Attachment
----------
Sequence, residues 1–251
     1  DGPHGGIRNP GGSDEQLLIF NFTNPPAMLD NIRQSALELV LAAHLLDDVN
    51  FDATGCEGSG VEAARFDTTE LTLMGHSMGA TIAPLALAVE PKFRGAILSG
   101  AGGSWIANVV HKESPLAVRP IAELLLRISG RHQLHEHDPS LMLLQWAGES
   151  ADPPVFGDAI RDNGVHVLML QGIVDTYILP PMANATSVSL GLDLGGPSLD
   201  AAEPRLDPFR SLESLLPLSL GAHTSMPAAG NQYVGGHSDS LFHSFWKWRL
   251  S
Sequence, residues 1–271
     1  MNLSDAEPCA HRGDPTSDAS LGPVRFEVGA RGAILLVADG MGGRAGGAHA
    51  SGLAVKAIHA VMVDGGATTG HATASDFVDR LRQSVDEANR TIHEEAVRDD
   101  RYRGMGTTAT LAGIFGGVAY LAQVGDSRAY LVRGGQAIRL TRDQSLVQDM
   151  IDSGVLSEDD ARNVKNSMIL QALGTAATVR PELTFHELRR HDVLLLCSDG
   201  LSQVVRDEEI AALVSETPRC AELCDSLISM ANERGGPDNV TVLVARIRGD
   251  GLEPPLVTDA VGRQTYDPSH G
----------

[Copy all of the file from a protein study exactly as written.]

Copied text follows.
Sequence, residues 1–251
     1  DGPHGGIRNP GGSDEQLLIF NFTNPPAMLD NIRQSALELV LAAHLLDDVN
    51  FDATGCEGSG VEAARFDTTE LTLMGHSMGA TIAPLALAVE PKFRGAILSG
   101  AGGSWIANVV HKESPLAVRP IAELLLRISG RHQLHEHDPS LMLLQWAGES
   151  ADPPVFGDAI RDNGVHVLML QGIVDTYILP PMANATSVSL GLDLGGPSLD
   201  AAEPRLDPFR SLESLLPLSL GAHTSMPAAG NQYVGGHSDS LFHSFWKWRL
   251  S
Sequence, residues 1–271
     1  MNLSDAEPCA HRGDPTSDAS LGPVRFEVGA RGAILLVADG MGGRAGGAHA
    51  SGLAVKAIHA VMVDGGATTG HATASDFVDR LRQSVDEANR TIHEEAVRDD
   101  RYRGMGTTAT LAGIFGGVAY LAQVGDSRAY LVRGGQAIRL TRDQSLVQDM
   151  IDSGVLSEDD ARNVKNSMIL QALGTAATVR PELTFHELRR HDVLLLCSDG
   201  LSQVVRDEEI AALVSETPRC AELCDSLISM ANERGGPDNV TVLVARIRGD
   251  GLEPPLVTDA VGRQTYDPSH G